In the present study, the role of heme oxygenase (HO)-1 in sodium arsenite (arsenite)-induced neurotoxicity was investigated using primary cultured cortical neurons. Incubation with arsenite was found to cause cell death of primary cultured cortical neurons in concentration- and time-dependent manners. Furthermore, arsenite induced caspase 3 activation and decreased procaspase 12 levels, indicating that apoptosis is involved in the arsenite-induced neurotoxicity. The oxidative mechanism underlying arsenite-induced neurotoxicity was investigated. Western blot assay showed that arsenite significantly increased HO-1 levels, a redox-regulated protein. Co-incubation with glutathione (10 mM) attenuated arsenite-induced HO-1 elevation and caspase 3 activation, suggesting that oxidative stress is involved in the arsenite-induced neurotoxicity. The neurotoxic effects of inorganic arsenics were compared; arsenite was more potent than arsenate in inducing HO-1 expression and caspase 3 activation. Moreover, the cell viabilities of arsenite and arsenate were 60 ± 2 and 99 ± 2 % of control, respectively. HO-1 siRNA transfection was employed to prevent arsenite-induced HO-1 elevation. At the same time, arsenite-induced caspase 3 activation and neuronal death were attenuated in the HO-1 siRNA-transfected cells. Taken together, HO-1 appears to be neuroprotective in the arsenite-induced neurotoxicity in primary cultured cortical neurons. In addition to antioxidants, HO-1 elevation may be a neuroprotective strategy for arsenite-induced neurotoxicity.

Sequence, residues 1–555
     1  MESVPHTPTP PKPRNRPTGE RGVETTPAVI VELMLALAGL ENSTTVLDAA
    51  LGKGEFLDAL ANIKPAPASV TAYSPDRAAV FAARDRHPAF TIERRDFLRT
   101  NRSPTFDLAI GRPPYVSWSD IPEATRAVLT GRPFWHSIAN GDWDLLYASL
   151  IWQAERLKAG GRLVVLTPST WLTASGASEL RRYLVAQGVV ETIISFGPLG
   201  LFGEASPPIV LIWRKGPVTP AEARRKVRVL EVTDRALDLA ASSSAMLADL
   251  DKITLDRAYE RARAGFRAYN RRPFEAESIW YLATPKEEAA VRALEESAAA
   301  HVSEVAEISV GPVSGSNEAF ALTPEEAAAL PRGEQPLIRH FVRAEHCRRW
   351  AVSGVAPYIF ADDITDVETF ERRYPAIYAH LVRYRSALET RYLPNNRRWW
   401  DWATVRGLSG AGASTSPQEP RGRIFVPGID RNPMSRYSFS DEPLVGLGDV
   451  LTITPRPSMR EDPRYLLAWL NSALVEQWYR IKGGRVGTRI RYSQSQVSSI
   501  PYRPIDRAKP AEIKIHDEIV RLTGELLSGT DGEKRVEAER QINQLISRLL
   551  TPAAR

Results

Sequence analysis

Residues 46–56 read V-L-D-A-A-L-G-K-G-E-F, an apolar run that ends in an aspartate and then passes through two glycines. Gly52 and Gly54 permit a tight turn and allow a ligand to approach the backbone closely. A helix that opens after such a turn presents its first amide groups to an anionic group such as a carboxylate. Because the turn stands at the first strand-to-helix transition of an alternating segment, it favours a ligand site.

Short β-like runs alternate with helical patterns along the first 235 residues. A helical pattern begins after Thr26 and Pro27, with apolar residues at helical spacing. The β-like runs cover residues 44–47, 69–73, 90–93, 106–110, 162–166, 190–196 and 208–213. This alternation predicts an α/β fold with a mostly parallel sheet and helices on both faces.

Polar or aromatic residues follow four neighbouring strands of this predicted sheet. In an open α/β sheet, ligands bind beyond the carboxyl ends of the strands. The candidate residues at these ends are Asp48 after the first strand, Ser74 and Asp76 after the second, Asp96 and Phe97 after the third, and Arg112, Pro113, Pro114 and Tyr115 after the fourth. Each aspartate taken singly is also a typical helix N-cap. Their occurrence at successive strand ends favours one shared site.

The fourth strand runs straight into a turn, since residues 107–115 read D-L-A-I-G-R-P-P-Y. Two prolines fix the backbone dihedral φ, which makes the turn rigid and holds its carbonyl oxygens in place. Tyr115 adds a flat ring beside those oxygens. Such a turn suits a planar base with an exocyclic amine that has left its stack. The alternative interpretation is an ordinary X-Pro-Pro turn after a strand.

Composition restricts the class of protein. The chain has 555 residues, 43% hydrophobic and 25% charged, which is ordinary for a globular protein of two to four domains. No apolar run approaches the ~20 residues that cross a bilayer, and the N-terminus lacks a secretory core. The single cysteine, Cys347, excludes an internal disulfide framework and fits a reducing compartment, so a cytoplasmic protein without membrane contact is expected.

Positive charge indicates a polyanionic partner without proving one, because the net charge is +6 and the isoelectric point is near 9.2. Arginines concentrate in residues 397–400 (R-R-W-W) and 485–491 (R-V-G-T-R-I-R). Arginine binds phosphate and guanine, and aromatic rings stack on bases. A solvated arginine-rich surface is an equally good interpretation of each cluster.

- Oxidative stress